© British Comedy Awards
Katy Brand is a massively successful comedian and writer who has dipped her toes in virtually every water: she’s worked as a stand up, appeared in films and countless television shows, had her own television series, written for newspapers and, most recently, written and published a novel. Here is a woman of obvious ability who is keen to push her own limits to achieve many exciting things and judging by her rich and varied career so far, we can only assume that there will be great things to come from this wonderful and talented comedy-machine.
To delve further into Katy’s fascinating life and learn more about the person behind the comedy, I asked her these seven questions…
1) Do you have any strange hobbies?
Well, for years comedy was my hobby, and then I made it my job, so I think I’ve sort of forgotten how to have a proper hobby in some ways. I miss having a hobby – I’d like to have one again, but I’ve been working pretty flat out for so many years that it’s fallen by the wayside a little. It’s important to have hobbies though – I think they stop you being an arsehole, or obsessing about your own little professional world too much. They give relief and joy (does that sound like the name of a sex shop?)… I remember doing a show with Josie Long called The Bubble where comedians were locked in a house with no internet, TV, phones or radio for three days so we couldn’t see the news, and she was using the time to study for her maths A-Level, just because she wanted to. I thought that was very inspiring. I love astronomy, and although I am terrible at maths myself, I would like to get into that more. And archaeology and anthropology. I love drawing and painting, too. I don’t do enough of any of it.
2) Who are your biggest comedic influences?
There was a great run of TV comedy in the 1980s and 1990s when I was growing up that was biting and anarchic and quite rude and raw – The Young Ones, Spitting Image, Harry Enfield and Kathy Burke, French and Saunders, Absolutely Fabulous, and so on. It seemed very evenly spread too, in terms of class and gender, though perhaps not race. There were also phenomenally crafted comedies from the US on late like Seinfeld and The Larry Sanders Show which I stayed up way past my bedtime to watch. I remember The Kids in the Hall being a great favourite of mine around that time (a lunatic Canadian sketch show), and a British character called The Divine David, created by David Hoyle (go and see him if you ever get the chance) which just blew my mind. Outside of comedy, Gilbert and George also inspired me a lot – I like anything that feels like trouble, as if the wheels might come off at any moment.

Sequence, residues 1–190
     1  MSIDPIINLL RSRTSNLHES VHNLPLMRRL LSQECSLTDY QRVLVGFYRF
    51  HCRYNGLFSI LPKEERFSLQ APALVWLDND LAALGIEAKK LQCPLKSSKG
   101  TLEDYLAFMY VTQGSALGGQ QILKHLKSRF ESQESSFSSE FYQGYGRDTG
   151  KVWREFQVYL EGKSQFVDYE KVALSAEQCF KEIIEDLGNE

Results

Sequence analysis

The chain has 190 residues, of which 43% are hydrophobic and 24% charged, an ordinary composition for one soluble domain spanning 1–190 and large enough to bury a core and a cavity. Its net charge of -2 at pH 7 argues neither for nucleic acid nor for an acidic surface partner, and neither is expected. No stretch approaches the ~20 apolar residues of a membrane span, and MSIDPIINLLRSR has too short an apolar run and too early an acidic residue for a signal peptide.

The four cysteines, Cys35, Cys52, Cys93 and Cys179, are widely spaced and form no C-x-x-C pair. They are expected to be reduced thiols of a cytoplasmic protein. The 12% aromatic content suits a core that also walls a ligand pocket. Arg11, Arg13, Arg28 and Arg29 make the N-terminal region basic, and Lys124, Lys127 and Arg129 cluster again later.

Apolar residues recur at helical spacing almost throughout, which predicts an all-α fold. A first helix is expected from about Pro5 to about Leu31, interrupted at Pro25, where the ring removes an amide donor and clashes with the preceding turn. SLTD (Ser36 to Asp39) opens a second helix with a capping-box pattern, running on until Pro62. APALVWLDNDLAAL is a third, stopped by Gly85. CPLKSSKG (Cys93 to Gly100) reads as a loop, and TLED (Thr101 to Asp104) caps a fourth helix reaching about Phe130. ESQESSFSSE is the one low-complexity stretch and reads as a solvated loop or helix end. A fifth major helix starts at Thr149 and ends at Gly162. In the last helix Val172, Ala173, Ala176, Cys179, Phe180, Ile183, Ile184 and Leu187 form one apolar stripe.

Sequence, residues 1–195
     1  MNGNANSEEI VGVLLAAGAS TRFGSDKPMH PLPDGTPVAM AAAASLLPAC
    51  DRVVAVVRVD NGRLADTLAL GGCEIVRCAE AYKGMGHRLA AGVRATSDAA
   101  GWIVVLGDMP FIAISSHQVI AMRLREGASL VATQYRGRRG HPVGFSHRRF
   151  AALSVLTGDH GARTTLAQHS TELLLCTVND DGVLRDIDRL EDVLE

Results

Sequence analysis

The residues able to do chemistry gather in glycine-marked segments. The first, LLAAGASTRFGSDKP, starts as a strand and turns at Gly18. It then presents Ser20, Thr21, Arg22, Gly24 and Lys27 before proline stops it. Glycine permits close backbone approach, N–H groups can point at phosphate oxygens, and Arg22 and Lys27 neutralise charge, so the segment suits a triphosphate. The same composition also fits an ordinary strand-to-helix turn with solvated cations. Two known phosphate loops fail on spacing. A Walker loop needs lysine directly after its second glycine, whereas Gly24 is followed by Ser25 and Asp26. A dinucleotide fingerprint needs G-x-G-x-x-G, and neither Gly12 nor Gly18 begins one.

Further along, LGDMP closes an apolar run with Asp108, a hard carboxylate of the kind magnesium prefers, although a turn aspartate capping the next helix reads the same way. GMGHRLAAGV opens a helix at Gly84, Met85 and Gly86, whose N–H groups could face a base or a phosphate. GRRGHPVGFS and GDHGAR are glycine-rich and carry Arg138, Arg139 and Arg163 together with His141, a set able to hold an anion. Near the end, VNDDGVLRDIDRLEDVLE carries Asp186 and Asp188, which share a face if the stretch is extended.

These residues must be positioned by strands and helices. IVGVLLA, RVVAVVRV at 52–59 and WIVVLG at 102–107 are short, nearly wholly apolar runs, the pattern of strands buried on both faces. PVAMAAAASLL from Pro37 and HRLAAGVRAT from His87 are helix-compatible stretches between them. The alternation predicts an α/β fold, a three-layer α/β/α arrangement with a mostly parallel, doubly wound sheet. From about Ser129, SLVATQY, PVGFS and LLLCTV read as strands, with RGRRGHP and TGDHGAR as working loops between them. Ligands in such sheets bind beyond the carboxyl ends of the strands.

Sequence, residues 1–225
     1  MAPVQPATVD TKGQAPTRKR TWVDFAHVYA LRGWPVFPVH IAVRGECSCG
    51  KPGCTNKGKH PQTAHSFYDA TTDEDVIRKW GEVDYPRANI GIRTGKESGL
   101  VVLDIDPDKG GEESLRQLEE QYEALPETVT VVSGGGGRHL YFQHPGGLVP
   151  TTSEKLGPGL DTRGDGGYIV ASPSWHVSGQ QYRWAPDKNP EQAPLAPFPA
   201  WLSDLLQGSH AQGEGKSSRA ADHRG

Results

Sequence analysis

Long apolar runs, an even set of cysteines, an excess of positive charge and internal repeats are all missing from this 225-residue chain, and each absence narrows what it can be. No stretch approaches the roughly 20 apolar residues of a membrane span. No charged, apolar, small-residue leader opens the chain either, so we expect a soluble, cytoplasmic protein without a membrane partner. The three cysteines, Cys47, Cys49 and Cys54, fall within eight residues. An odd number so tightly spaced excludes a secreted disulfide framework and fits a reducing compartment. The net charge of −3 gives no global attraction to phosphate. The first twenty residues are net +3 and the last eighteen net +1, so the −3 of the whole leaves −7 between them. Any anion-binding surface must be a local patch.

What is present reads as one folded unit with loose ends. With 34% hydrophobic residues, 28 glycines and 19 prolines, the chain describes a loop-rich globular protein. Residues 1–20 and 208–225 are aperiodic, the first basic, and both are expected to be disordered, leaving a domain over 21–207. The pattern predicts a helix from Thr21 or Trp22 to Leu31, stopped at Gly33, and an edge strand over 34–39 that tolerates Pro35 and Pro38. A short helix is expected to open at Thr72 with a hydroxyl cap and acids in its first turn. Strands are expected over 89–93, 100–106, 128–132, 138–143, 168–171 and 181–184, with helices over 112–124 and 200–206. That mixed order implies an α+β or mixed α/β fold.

3) You studied Theology at university, how did you find this? What drew you to it?
I took it upon myself to become an evangelical, happy clappy Christian at the age of 13 (no fault of my parents, who found it simultaneously baffling and hilarious) and I stayed on until the end of my first year at university. I wanted to study Theology because I wanted to understand more about the origins of my faith, but I was also drawn to the philosophical and psychological aspects too. My church was not terribly supportive (they were quite rigid about Bible interpretation), and by the end of year one, I was more interested in, ahem, ‘other things’. I didn’t go back to church, and I threw myself into the comedy and drama scene at University, so I can’t say I was the pride of the Theology Department, although all the tutors and professors were incredibly fascinating, open minded people of the kind you really wouldn’t mind being stuck in a lift with for a few hours, so I enjoyed my studies even if I wasn’t a very diligent student. I will always defend the study of religion as the social evolution of humanity as a great subject for anyone to get stuck into.
4) If you could only drink one beverage for the rest of your life, what would it be?
Champagne. Sorry, but there it is. I fucking love champagne, and I don’t even care. I also like Robinson’s Peach squash, but I’m not going to sit here and pretend it’s as good as champagne because it isn’t.
5) What is the worst thing in the entire universe?
Spiders. They look like death to me. I shudder and am consumed with mortal dread whenever I see one. This is one of the reasons why I have been unable to accept the several kind offers I have received over the years to participate in I’m a Celebrity…Get Me Out of Here.
6) What is the most exciting thing about comedy for you?
That you can stand on a stage and say anything you want and get an immediate response. It may not be the response you want, but still, you can take an idea from your bedroom to a roomful of strangers in only the time it takes to get to the venue, and see how it plays. That’s live comedy, of course. With TV and film, you’re looking at more like two to five years if you’re lucky, which is a little less thrilling…
7) Do you have a piece of knowledge that everyone should hear about?
Here’s three: 1) Sexual promiscuity in women has as much anthropological basis as men, perhaps even more so (for more details, see Sara Pascoe and assorted scientists). 2) Things won’t get better for society until we have a proper system of paid paternity leave which men take without worrying about the consequences. 3) Dogs are the fount of true, unconditional love – you can tell everything you need to know about a person by how they treat a dog.
For more information regarding Katy’s wonderful book, Brenda Monk Is Funny, check out her website or visit her Twitter at @KatyFBrand.
CLICK HERE READ MY REVIEW OF BRENDA MONK IS FUNNY.
SEVEN QUESTIONS WITH…